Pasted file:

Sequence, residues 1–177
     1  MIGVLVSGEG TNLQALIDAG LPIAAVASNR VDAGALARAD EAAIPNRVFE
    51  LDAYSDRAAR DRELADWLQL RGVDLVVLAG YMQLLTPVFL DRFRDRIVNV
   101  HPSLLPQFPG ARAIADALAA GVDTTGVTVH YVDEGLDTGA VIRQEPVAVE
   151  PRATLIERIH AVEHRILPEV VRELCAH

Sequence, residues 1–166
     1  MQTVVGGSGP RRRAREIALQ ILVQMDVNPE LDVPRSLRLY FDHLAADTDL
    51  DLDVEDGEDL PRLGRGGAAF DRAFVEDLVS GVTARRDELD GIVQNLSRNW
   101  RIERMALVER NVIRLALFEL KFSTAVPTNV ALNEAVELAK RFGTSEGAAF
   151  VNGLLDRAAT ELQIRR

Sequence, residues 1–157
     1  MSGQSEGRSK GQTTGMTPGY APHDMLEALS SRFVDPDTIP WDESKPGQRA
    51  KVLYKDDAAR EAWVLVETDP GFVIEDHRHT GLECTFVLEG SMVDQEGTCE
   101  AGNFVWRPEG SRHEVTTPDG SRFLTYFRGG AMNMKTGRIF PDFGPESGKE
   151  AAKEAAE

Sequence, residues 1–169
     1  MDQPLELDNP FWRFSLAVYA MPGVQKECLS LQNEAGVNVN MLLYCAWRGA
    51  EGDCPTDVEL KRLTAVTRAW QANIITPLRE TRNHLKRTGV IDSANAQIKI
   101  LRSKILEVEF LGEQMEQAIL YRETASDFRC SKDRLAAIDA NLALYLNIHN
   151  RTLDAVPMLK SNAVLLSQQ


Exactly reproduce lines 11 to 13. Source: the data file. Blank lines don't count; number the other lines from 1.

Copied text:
Sequence, residues 1–157
     1  MSGQSEGRSK GQTTGMTPGY APHDMLEALS SRFVDPDTIP WDESKPGQRA
    51  KVLYKDDAAR EAWVLVETDP GFVIEDHRHT GLECTFVLEG SMVDQEGTCE